$R_{n+1} =$ Fractional part of $R = 0.\overline{3}$
$B_{n} =$ Non Fractional part of $R = 1$
Compare $B_{0} to B_{1}$ Not equal
$n=n+1=1$
$R=2\cdot R_{n} = 0.\overline{6}$
$R_{n+1} =$ Fractional part of $R = 0.\overline{6}$
$B_{n} =$ Non Fractional part of $R = 0$
Compare $B_{0} to B_{2}$ Equal, so we are done

Answer is in array B and values n and m:
$B_{0} = 1$
$B_{1} = 0$
$m = 0$
$n = 1$
So the overline will cross both digits of the binary value.
It will look like this: $0.\overline{10}$.

Last edited: Aug 28, 2014
7. Aug 28, 2014

0.666666666... = 2/3

2 * 2/3 = 4/3 = 1+1/3
2 * 1/3 = 2/3 = 0+2/3
2 * 2/3 = 1+ 1/3
repeat

hence 0.66666666.... = 0.101010101010101010....

now show me how to convert 0.666666.... to binary without converting it to fraction and thus making use of what i did above.

i'm also not looking for a script either.

i couldn't think of a way to do it hence why i'm curious if there is even a way.

8. Aug 28, 2014

### The Electrician

2*.6666666666666666666...
gives:
1.33333333333333333333...
the 1 becomes the first bit of the binary value which is .1xxxxxxx...--subtract the 1 and get:
.333333333333333333333...
Now 2*.33333333333333333...
gives:
0.666666666666666666666...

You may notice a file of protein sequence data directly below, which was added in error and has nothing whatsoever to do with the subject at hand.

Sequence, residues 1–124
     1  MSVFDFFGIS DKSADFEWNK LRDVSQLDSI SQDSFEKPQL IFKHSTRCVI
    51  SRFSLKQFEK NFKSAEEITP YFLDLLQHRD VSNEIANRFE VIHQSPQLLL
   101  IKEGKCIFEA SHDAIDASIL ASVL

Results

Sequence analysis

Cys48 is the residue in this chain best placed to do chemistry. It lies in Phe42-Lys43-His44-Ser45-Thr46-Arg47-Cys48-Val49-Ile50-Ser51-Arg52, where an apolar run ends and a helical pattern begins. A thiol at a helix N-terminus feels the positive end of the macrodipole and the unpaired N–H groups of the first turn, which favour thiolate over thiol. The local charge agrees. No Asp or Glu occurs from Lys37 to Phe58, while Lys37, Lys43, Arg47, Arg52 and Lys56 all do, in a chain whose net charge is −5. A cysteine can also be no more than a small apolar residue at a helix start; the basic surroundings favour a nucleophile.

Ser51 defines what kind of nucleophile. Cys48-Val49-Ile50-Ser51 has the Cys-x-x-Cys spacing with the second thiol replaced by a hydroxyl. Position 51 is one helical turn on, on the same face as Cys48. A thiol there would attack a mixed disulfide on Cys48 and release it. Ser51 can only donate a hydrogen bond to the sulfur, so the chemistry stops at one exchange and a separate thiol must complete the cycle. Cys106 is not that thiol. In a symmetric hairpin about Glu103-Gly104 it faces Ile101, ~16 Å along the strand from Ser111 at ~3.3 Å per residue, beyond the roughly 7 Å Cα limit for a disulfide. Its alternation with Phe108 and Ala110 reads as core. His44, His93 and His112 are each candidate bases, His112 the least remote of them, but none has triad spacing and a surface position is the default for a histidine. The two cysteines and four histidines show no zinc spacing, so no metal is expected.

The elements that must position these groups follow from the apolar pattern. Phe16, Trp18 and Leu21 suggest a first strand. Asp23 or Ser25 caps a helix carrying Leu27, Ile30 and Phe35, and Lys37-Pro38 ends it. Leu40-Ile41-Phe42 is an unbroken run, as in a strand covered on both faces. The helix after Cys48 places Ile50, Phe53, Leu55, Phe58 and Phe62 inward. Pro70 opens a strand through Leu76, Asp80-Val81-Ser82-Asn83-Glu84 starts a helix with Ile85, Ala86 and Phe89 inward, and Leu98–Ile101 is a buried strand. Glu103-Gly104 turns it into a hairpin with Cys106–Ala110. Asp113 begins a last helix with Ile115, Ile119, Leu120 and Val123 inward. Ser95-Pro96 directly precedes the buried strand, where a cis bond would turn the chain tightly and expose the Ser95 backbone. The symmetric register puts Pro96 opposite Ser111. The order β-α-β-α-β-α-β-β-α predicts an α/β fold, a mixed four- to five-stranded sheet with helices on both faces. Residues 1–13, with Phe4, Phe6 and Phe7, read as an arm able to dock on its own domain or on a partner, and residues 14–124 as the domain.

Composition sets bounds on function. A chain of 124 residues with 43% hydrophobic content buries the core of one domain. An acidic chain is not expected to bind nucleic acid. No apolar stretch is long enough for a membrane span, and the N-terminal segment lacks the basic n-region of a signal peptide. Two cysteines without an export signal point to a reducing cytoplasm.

the zero becomes the next bit of the binary value which is now .10xxxxxx...
subtract the zero and get:
.666666666666666666666...
Now 2*.66666666666666666...
gives:
1.3333333333333333333333...
the 1 becomes the next bit of the binary value which is now .101xxxxxxx...

et cetera.

9. Aug 28, 2014

i'm not sure why i over-thought this problem so much lol. the was staring at the solution the entire time.

thanks for doing that. cheers.

10. Aug 29, 2014

### Staff: Mentor

Keep multiplying it by 2. If the digit to the right of the decimal point is 5 or greater write 1, otherwise write 0.

0.666666
1.333332
2.666664
5.333328
10.666656
21.333312
42.666624
85.333248

.10101010

You can keep this up until you calculator display overflows.

11. Aug 29, 2014

### .Scott

My method is a bit more complete because is provides a way of recognizing when you are done and what portion of the binary fraction is repeated.